The conclusion of the Void trilogy.
Sadly, this book didn’t stand up to its predecessors (The Dreaming Void, The Temporal Void). Those were pretty good, and this is not substantially worse, but while those were full of interesting ideas and a good balance of SF and fantasy, this one was a little more of a slog.
In the first two books, I found it hard to keep track of the various actors, who was behind them, and who was connected to whom and how. In this book, it was no easier, but I got tired of trying, and just stopped caring. There were simply so many undifferentiated factions that I lost interest in what they wanted. Also, while the first book mentions ‘historical’ characters, and the second book brings some in, this third book draws on them with a vengeance, leaving me to think that only a fan of Pandora’s Star and Judas Unchained ) could really get the full benefit of the book. For me, having not read those, it was simply too much.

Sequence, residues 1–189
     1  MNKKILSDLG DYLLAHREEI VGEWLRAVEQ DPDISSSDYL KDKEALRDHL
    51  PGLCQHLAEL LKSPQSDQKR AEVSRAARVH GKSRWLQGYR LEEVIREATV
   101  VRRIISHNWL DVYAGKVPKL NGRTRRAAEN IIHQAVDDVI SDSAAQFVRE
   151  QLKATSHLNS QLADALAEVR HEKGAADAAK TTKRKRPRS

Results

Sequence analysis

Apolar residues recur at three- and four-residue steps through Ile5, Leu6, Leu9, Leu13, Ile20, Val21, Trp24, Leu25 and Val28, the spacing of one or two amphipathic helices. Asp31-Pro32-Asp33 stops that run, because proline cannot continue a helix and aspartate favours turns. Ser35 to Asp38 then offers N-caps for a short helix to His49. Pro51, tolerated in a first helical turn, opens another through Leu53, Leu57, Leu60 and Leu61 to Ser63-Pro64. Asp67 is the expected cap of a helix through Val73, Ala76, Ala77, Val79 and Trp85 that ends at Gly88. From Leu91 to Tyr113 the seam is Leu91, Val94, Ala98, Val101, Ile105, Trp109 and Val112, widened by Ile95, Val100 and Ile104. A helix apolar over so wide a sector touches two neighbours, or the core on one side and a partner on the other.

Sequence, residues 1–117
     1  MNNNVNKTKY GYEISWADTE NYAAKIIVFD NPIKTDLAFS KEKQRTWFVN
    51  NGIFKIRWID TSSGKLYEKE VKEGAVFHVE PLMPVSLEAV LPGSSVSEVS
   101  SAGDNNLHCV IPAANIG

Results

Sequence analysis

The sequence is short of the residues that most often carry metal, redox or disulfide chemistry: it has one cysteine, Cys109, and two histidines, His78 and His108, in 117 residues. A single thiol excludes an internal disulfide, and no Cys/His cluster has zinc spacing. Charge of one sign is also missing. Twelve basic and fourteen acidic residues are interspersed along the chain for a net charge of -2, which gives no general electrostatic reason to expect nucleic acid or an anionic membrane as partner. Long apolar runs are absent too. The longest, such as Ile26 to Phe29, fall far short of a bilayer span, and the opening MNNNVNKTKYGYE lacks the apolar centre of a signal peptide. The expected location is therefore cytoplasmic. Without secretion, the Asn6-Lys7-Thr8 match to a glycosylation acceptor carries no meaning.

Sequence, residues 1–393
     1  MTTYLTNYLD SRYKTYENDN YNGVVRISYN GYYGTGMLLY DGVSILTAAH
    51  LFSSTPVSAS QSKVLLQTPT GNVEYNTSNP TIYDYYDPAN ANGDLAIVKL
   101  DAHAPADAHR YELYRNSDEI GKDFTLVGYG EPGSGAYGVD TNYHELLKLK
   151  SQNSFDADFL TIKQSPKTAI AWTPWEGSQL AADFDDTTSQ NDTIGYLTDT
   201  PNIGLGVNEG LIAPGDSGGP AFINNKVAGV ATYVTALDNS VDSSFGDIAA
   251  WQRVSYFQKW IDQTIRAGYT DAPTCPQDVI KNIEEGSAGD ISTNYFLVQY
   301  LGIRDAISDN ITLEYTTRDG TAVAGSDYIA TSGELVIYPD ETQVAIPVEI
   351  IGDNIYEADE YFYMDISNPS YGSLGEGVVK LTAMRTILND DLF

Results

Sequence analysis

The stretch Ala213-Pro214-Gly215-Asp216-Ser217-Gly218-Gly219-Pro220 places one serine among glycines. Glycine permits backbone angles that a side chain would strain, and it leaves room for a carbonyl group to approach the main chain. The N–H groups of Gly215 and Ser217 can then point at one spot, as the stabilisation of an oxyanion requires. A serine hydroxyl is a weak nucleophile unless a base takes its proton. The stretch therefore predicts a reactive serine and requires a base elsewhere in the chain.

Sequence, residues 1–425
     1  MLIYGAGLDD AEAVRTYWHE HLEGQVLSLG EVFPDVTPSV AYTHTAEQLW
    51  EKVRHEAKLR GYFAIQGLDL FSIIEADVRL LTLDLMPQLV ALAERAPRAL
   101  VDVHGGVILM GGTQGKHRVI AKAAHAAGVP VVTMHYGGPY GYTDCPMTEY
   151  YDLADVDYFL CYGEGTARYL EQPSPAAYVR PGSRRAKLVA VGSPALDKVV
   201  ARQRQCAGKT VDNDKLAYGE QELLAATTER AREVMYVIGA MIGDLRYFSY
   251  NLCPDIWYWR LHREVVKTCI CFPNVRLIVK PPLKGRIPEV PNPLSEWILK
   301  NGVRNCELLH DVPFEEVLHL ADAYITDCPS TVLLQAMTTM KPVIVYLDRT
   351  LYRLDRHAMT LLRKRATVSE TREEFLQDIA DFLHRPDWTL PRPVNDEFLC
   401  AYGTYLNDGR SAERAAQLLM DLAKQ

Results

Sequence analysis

Edeard plays an important though lesser part in the book, but I still found his treatment of Salrana not credible, or at least not attractive. Since we’re meant to hold him in high regard, that’s a significant weak point. The fantasy elements of the book overall were less fun – more political and less convincing than in the first book. They read more as an exercise in careful authorial speculation than as actual narrative.
Hamilton does make a point of tying up loose ends, but he does so with a pretty hefty dose of deus-ex-machina – lots of sages causing unspecified magic to happen, usually while calling on one of those historical figures who just happens to have special powers and still be around.
All in all, it’s a decent book, and an acceptable conclusion to the trilogy. I’d still recommend all three books. However, the end is substantially less satisfying than I originally hoped it would be.